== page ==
“Let’s say you’re another firm, is another firm going to bid on it? I think they’ll think it’s a waste of time,” Bomes said. “I think it’s very tainted, the whole process.”

However, Call disagreed.

“I think that there is no shortage of firms that would like to bid on such a study,” Call said.

In spite of the various disputes surrounding the audit, however, Kaner was optimistic that a plan would be adopted and work could begin on improving security.

“It’s inevitable that it will get done,” Kaner said. “It’s the right thing to do.”


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Jordan Shenhar
Jordan Shenhar, Web Managing Editor
Jordan Shenhar loves hanging out with his friends-as long as he’s arguing with them. No, he doesn’t have anger management issues; he’s just extremely political. Shenhar participates not only in Inklings, but also in the student-run club JSA. (Junior State of America) Shenhar participates the most in this club to gain time doing one of his favorite activities: arguing about politics with kids his age. Or, as Shenhar says, “[I] take part in one of my favorite activities, arguing with liberals.”  Shenhar is a libertarian, a more unusual party that advocates for small governmental interference. Always wanting to discuss politics even more, Shenhar runs the Young Libertarians Club at Staples. However, don’t assume that Shenhar is a driven, cold-hearted politician. He loves visiting his family in Israel, where he never feels stressed. He is in awe of the good weather there, and accounts many of his greatest moments to spending time there. And of course, he loves sports. Shenhar says “And for most of my life I've been enslaved by the Mets and the Redskins, my two favorite teams to which I devote excessive amounts of time in exchange for them crushing my hopes and dreams.”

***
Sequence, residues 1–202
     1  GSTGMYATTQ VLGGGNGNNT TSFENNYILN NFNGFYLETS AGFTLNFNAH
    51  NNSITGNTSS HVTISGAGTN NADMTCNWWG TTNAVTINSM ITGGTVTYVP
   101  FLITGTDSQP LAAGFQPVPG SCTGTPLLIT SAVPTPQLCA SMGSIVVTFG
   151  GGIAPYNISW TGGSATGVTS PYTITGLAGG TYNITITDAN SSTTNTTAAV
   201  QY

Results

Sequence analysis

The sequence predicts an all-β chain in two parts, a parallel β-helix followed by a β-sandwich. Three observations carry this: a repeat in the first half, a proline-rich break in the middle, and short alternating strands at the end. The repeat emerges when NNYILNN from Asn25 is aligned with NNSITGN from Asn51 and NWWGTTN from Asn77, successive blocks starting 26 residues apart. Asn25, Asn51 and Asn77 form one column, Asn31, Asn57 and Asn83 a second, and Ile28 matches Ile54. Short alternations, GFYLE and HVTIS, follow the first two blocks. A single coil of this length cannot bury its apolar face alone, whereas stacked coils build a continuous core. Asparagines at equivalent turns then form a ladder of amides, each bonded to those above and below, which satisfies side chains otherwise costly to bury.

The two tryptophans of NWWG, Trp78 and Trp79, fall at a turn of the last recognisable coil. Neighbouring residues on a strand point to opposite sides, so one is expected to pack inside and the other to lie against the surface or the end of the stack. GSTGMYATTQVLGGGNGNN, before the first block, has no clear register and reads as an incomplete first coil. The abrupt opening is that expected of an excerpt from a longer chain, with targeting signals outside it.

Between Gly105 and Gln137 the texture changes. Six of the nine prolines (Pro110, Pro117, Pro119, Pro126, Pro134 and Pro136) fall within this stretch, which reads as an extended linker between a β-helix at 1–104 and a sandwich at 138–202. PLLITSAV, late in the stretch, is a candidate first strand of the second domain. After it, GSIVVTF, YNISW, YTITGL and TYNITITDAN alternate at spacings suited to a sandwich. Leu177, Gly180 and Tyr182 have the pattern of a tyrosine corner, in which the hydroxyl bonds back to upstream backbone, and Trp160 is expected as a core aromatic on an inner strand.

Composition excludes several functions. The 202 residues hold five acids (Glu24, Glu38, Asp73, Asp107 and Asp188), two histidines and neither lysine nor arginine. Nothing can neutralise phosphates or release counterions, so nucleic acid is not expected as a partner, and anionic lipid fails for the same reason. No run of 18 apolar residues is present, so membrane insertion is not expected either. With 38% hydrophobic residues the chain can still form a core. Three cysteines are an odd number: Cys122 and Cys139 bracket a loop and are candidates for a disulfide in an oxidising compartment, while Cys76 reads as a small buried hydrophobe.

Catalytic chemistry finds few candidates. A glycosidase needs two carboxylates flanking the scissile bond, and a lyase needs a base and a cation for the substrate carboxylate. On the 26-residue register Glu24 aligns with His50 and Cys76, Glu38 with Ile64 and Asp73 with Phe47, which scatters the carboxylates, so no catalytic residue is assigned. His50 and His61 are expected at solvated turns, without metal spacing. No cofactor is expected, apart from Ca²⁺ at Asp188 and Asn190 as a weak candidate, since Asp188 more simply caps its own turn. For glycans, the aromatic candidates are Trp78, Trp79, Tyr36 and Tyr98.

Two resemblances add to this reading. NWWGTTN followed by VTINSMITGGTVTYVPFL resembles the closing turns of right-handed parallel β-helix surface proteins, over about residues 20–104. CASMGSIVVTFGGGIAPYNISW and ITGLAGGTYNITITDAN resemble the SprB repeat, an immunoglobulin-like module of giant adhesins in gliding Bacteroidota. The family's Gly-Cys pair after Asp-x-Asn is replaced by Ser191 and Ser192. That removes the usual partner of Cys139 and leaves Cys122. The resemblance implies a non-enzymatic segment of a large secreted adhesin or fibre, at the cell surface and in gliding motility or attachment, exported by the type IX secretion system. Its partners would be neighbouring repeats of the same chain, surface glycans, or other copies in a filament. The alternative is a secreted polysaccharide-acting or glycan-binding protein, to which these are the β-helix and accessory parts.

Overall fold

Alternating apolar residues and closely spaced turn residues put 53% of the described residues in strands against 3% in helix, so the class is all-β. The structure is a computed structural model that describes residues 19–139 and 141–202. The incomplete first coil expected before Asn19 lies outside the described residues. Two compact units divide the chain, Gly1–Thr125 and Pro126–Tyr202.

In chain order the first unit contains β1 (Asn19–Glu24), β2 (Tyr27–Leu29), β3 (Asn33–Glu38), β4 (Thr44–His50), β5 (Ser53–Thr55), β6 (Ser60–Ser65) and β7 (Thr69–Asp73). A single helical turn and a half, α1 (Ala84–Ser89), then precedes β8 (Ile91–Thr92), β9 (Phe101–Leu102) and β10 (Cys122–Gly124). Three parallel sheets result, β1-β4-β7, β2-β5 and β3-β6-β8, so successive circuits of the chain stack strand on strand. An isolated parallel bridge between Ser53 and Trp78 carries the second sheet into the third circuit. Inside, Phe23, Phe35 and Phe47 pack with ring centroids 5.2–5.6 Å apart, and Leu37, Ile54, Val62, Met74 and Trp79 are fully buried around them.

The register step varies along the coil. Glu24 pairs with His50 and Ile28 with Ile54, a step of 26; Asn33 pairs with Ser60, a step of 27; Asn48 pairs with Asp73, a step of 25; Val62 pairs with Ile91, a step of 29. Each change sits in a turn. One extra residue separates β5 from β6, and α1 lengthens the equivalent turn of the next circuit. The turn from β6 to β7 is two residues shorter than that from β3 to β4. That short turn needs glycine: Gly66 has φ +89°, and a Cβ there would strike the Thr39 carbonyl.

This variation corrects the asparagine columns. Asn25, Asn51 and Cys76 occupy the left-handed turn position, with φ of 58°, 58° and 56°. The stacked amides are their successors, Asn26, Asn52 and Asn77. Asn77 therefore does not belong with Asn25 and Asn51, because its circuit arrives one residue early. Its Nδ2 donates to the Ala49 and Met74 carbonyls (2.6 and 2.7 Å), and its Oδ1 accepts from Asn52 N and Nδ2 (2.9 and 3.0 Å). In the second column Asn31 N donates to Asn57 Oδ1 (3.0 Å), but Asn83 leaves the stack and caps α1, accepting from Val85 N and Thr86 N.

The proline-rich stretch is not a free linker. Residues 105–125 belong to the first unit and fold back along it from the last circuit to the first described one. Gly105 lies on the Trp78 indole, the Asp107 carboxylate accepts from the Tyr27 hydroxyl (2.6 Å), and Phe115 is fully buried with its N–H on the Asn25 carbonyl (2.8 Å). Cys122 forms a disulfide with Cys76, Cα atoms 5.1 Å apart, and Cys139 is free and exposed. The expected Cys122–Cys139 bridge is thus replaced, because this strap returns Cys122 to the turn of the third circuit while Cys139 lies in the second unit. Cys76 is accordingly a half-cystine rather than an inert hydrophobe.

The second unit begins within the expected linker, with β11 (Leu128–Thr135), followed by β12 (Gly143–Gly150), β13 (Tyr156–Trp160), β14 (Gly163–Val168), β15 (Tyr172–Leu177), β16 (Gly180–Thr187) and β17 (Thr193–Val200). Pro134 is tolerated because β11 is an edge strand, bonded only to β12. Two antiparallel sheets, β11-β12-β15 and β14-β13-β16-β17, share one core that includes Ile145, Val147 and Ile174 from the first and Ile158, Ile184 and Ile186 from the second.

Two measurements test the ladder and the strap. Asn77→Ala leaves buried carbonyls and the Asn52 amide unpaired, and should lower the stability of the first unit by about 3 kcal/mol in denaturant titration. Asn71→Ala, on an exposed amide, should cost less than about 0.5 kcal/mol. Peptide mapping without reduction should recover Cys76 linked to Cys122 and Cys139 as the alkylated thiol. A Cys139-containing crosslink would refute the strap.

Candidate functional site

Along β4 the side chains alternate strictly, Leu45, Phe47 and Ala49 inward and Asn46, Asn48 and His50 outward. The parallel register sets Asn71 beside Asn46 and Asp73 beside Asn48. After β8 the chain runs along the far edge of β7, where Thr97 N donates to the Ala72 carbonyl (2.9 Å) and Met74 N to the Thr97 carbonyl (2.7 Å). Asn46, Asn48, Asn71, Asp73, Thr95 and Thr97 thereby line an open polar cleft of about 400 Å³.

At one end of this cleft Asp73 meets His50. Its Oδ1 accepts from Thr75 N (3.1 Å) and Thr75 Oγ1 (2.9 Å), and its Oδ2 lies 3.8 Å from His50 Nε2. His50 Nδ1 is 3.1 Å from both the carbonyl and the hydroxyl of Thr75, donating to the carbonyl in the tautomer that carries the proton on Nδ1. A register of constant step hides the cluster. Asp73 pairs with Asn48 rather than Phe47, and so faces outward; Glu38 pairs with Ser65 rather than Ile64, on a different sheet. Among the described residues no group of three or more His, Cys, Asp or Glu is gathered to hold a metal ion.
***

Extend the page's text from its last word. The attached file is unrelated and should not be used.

Cadence Neenan
Cadence Neenan, Web Managing Editor